Heb. 1782 from my service, where must I soek men of faith, I ENCLOSE Johnson's letter upon the subject of and true christian piety, qualified by nature and the Preface, and would send you' my reply to it, by education to succeed them? Business must be if I had kept a copy. This however was the pur- done, men of business alone can do and good port of it. That Mr. —, whom I described as you are rarely found under that description. described him to me, had made a similar objection, When Nathan reproved David, he did not embut that being willing to hope, that two or three ploy a herald, or accompany his charge with the pages of sensible matter, well expressed, might sound of the trumpet; nor can I think the writer possibly go down, though of a religious cast, 1 of this sermon quite justifiable in exposing the was resolved to believe him mistaken, and to pay king's faults in the sight of the people. no regard to it. That his judgment, however, Your answer respecting Ætna is quite satisfacwho by his occupation is bound to understand tory, and gives me much pleasure. I hate alterwhat will promote the sale of a book, and what ing, though I never refuse the task when propriety will hinder it, seemed to deserve more attention. seems to enjoin it; and an alteration in this inThat therefore, according to his own offer written stance, if I am not mistaken, would have been sinon a small slip of paper now lost, I should be gularly difficult.
Indeed, when a piece has been obliged to him if he would state his difficulties to finished two or three years, and an author finds you; adding, that I need not inform him, who is occasion to amend, or make an addition to it, it is so well acquainted with you, that he would find not easy to fall upon the very vein from which he you easy to be persuaded to sacrifice, if necessary, drew his ideas in the first instance; but either a what you had written, to the interests of the book. different turn of thought, or expression, will be I find he has had an interview with you upon the tray the patch, and convince a reader of discernoccasion, and your behaviour has verified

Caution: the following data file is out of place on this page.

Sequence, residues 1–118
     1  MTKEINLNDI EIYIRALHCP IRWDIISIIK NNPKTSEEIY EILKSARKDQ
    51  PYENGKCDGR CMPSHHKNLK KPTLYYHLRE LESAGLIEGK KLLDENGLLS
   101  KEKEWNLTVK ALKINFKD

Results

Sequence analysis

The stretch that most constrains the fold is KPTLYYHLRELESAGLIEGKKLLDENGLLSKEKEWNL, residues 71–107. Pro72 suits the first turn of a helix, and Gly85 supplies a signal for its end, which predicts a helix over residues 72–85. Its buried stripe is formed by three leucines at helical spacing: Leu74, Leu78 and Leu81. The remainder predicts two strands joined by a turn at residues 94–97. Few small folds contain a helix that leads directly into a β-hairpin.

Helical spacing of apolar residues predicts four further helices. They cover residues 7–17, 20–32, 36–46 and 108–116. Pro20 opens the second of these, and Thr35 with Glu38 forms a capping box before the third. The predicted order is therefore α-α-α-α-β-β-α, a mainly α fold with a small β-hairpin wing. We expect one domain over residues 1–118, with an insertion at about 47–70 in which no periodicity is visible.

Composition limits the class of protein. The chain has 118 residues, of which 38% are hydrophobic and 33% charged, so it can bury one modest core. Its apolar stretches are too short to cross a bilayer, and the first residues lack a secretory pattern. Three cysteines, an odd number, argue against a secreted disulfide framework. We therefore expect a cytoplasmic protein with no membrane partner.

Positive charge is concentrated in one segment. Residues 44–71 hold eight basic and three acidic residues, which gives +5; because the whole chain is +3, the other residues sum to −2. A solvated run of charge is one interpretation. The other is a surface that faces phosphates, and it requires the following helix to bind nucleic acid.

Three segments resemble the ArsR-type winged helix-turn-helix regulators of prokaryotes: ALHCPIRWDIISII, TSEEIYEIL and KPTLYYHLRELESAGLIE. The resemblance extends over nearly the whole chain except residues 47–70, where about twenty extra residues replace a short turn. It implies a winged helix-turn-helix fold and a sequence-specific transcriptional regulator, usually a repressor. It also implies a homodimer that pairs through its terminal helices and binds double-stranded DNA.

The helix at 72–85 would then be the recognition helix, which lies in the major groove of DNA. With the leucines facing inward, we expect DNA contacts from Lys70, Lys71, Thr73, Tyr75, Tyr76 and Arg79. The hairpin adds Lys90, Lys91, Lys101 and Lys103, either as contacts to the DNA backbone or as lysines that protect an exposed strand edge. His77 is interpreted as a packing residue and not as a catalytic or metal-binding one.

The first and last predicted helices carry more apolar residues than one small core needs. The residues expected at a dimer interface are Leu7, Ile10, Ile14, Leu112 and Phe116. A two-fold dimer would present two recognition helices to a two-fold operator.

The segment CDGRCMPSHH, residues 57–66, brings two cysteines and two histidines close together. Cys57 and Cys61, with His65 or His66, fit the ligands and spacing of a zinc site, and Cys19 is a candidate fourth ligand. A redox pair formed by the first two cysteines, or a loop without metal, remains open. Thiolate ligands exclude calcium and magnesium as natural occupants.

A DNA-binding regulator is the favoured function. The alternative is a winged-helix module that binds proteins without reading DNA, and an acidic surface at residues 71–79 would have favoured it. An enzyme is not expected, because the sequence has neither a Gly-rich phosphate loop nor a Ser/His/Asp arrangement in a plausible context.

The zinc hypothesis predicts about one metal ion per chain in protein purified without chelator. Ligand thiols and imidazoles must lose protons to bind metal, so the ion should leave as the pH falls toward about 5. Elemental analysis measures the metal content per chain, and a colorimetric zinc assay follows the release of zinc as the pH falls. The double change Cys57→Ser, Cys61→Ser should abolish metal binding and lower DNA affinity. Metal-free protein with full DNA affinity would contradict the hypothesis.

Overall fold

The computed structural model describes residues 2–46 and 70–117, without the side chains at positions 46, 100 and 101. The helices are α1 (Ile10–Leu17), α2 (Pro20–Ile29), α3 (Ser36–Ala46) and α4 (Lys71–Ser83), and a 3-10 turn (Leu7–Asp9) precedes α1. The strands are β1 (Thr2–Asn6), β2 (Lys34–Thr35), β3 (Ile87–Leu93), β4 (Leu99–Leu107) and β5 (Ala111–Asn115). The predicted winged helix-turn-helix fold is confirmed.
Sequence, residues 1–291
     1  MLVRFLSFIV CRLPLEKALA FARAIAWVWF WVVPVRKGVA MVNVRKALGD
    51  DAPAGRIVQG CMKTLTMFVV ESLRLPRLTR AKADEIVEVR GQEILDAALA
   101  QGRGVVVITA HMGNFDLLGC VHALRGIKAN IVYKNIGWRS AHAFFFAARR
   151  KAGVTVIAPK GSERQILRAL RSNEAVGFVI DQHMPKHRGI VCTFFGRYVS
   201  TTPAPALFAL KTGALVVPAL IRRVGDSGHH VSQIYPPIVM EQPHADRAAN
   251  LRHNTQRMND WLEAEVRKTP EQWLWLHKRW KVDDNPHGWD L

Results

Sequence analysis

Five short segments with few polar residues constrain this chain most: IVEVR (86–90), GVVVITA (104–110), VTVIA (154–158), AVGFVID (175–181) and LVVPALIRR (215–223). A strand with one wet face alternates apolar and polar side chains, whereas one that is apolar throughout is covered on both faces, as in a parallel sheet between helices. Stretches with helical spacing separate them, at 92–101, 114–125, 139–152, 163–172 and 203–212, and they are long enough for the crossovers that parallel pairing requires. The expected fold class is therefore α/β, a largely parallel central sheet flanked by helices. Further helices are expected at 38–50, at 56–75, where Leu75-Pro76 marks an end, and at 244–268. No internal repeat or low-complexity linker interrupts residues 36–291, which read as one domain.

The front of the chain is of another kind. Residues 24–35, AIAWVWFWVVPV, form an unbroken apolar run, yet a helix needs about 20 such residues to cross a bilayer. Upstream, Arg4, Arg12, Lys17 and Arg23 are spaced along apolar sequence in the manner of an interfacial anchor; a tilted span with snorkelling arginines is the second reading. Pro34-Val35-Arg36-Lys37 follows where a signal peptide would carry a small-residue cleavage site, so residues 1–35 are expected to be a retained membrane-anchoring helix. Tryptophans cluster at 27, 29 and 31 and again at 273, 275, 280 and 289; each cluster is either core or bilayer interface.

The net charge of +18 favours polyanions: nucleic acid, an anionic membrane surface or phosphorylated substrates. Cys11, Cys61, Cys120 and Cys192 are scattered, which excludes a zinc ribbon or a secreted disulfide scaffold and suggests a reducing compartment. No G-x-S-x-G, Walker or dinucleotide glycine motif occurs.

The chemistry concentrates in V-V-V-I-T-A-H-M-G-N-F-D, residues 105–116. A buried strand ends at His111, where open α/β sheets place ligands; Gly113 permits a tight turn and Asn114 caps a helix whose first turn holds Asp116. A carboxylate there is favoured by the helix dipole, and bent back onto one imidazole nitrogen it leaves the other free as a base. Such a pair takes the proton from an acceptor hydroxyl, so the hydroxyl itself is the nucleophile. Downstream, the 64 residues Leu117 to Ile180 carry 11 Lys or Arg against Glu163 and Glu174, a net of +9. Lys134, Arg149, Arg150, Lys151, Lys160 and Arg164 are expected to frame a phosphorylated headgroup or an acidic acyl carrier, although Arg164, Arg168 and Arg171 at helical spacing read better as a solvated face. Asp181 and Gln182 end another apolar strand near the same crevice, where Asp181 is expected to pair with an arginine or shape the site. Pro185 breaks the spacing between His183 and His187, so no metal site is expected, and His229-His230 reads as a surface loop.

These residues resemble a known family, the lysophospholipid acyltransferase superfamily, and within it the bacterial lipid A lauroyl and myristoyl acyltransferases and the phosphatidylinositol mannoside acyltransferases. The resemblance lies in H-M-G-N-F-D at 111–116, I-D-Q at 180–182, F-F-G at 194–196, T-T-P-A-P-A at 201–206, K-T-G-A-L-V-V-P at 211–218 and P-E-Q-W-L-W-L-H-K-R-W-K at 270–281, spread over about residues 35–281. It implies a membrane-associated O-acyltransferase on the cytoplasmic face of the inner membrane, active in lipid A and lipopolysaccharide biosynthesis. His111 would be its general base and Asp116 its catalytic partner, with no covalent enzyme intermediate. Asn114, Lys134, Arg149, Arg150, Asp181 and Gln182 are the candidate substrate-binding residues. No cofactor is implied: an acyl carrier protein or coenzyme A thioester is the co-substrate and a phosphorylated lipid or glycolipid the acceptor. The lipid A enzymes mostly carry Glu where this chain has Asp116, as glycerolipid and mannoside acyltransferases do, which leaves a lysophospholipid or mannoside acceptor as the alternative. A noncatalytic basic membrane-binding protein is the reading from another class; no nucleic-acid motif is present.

ment that it has been cobbled and varnished. diction. What course he determines upon I do Our love to you both, and to the young Euphronot know, nor am I at all anxious about it. It is syne, the old lady of that name being long since impossible for me however to be so insensible of dead; if she pleases she shall fill her vacant office, your kindness in writing the preface, as not to be and be my muse hereafter. desirous of defying all contingencies rather than
Yours, my dear sir, W.C entertain a wish to suppress it. It will do me honour in the eyes of those whose good opinion is indeed an honour, and if it hurts me in the esti
TO THE REV. JOHN NEWTON. mation of others, I can not help it; the fault is neither yours nor mine, but theirs. If a minister's
March 6, 1782. is a more splendid character than a poet's, and I Is
peace the nearer because our patriots have think nobody that understands their value can resolved that it is desirable? Will the victory they hesitate in deciding that question, then undoubted- have gained in the House of Commons be attended ly the advantage of having our names united in with any other? Do they expect the same success the same volume is all on my side.
on other occasions, and having once gained a maWe thank you for the Fast-sermon. I had not jority are they to be the majority for ever?read two pages before I exclaimed
the These are the questions we agitate by the fireside man has read Expostulation. But though there in an evening, without being able to come to any